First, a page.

I write letters to my dead mother. Although much time has passed since her passage to the ethereal spirit world, she is within me, floating in the space of memory, forever embedded in past stories, the root of present stories.
As I age, she is more and more present— a guide, an invisible wise woman on the road ahead. As a child, perhaps, 8 or 9 years old, she had the wisdom to encourage my involvement in The Camp Fire Girls Organization. I left my safe neighborhood, took hikes in Baxter Woods, spent summers at Camp Hitinowa deep in the Maine woods, where female counselors taught me the importance of noticing a landscape, where new trees and fauna shaped or hindered our walking paths.
Mom did not hike nor go to the woods. A city person, she wrapped her identity around my father, her role as wife and mother, especially after both her parents died when I was two and a half. I never knew any of my grandparents, never saw them age. My maternal grandmother died in her fifties; my Mom died at ninety-three. I had the privilege of walking alongside her as she encountered the challenges of a failing heart.
She was open-minded and curious, a woman who shared her joys and worries. She trusted me; we problem solved together, especially during her latter years when her strength began to wane and it was necessary to consider options to assure her wish to live out her life as independently as possible.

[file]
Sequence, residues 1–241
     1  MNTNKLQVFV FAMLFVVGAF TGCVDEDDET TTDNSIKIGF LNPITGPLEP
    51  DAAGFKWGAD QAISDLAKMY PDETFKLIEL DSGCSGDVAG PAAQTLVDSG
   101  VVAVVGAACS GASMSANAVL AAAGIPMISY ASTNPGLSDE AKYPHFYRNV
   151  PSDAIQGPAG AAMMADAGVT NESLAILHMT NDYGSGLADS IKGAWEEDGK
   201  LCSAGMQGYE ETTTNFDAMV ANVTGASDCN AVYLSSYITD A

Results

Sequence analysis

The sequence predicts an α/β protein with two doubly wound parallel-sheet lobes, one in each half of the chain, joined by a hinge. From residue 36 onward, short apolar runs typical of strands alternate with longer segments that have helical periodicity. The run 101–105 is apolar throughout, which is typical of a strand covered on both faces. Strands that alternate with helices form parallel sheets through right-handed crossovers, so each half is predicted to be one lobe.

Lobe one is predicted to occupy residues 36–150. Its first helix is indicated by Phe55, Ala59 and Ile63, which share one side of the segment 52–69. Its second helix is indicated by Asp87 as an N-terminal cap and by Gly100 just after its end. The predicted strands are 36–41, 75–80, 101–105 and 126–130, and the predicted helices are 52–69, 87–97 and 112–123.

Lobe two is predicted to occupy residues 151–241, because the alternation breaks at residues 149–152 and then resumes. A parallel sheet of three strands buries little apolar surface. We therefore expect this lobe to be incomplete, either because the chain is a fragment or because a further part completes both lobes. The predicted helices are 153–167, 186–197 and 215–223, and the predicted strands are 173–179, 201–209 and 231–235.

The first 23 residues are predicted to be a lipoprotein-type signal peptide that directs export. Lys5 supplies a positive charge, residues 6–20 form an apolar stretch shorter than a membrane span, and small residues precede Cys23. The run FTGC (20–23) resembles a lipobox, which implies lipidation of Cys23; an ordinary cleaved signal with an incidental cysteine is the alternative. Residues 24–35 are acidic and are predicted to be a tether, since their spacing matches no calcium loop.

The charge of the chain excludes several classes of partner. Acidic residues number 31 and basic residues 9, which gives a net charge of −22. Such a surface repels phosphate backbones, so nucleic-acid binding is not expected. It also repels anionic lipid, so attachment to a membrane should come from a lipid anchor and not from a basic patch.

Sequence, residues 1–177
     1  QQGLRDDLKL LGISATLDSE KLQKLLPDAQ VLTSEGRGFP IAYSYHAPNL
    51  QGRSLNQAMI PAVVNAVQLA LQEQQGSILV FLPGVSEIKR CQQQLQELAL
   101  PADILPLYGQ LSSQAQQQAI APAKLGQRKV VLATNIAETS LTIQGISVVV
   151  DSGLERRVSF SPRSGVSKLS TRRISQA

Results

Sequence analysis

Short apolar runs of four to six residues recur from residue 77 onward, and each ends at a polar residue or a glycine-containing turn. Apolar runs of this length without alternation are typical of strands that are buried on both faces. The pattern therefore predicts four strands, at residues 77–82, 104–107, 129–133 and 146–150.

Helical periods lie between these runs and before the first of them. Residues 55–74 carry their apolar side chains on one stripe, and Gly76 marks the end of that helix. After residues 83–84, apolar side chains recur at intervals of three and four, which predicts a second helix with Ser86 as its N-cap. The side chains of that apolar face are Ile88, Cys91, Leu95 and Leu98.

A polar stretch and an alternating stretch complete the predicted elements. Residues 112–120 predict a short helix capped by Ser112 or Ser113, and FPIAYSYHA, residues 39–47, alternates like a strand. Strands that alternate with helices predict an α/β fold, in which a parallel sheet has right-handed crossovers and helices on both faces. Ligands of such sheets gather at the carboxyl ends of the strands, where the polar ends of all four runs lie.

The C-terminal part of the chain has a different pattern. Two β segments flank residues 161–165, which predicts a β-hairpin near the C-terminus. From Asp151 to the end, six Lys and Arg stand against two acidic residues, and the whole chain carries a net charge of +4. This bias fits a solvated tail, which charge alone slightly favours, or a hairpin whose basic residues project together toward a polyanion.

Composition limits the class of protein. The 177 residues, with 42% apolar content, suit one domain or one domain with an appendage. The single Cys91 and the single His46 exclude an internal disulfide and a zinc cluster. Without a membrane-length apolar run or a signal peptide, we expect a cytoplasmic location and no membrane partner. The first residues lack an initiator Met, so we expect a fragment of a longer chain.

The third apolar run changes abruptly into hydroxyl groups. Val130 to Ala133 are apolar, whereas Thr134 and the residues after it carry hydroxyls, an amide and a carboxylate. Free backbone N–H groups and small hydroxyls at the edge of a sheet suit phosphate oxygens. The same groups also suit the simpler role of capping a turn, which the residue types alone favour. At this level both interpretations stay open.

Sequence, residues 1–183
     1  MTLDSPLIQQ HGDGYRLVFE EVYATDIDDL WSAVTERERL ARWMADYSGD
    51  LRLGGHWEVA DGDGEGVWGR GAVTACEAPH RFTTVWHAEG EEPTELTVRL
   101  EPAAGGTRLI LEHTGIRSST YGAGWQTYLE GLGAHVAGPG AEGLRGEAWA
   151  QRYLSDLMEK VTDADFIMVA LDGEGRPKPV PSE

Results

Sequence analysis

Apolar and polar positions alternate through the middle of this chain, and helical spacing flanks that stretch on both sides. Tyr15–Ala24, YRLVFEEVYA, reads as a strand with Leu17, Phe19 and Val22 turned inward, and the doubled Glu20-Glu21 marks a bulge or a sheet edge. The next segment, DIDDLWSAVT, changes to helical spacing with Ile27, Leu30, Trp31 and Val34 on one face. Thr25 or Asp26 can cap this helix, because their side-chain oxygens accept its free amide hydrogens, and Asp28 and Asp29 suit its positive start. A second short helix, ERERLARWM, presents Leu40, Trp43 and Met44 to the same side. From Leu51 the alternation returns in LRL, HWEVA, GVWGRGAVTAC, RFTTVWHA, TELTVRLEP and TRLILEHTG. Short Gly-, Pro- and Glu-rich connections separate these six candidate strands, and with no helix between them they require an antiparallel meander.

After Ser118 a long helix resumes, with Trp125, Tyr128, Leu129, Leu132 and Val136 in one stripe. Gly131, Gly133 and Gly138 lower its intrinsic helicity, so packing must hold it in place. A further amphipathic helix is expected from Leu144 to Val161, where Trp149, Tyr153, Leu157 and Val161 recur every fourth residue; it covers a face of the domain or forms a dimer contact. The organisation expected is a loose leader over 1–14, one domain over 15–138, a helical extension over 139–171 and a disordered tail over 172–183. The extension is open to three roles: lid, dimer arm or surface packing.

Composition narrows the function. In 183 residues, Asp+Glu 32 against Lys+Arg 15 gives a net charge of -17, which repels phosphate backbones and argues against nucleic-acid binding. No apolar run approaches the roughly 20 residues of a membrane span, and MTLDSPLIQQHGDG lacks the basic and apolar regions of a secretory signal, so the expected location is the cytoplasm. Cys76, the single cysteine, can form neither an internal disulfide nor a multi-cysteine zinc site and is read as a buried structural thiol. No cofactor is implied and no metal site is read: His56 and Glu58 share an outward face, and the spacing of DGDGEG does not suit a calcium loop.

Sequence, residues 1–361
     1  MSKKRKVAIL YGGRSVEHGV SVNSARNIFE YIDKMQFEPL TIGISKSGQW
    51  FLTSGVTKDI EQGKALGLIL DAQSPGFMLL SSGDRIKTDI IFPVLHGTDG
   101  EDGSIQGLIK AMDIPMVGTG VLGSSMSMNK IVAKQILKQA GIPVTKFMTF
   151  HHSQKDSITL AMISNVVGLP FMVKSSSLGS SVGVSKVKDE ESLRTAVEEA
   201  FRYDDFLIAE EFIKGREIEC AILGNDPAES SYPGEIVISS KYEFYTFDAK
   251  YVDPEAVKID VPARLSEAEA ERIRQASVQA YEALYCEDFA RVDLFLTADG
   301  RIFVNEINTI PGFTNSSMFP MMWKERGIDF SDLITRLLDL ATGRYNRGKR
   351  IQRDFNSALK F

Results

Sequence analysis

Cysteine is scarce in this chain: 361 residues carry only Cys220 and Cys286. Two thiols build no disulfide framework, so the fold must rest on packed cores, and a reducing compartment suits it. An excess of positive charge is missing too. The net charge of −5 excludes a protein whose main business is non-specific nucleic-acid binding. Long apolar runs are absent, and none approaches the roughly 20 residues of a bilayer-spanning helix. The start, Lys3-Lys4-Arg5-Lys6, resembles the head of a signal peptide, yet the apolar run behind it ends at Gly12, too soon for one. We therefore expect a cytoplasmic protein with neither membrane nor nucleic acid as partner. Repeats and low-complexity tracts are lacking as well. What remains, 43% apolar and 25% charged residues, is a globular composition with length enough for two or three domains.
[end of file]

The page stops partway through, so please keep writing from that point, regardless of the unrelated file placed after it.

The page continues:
I am cut from the same cloth— independent to a fault. I am grateful for the lessons learned—to know when and how to share vulnerability, to ask for help, to recognize and manage my own limits.
Mom lived on her own in a ranch style home up to the day of her death. Because of limited sight and unpredictable health events, she faced the dilemma of relocating to an assisted living community or inviting a caretaker into her home. With my assurance that we could place an ad in the Portland Press Herald and screen candidates for her final approval, she chose to limit her privacy in favor of maintaining her lifestyle.
During the last few years of her life, she had two caretakers. With their help, Mom continued to make her special spaghetti sauce and much loved molasses raisin cookies. Months after her death, I savored the small cache of sauce in the container labeled in her graceful handwriting.
No wonder, I occasionally sit down and write a “Dear Momma” letter, grateful for the steadfast memory of her voice, which comes forth as I write. She never witnessed my transition from writing poetry to writing real life stories.
I’m grateful she read several of my early poems— many of which were about her. In response to the poems, she said, “Does it make you happy?” If she were to ask the same question about this post, I would say, “not so much happy as pleased.”
For prior post referencing Camp Hitinowa, see The Return— http://fayewriter.com/2016/02/29/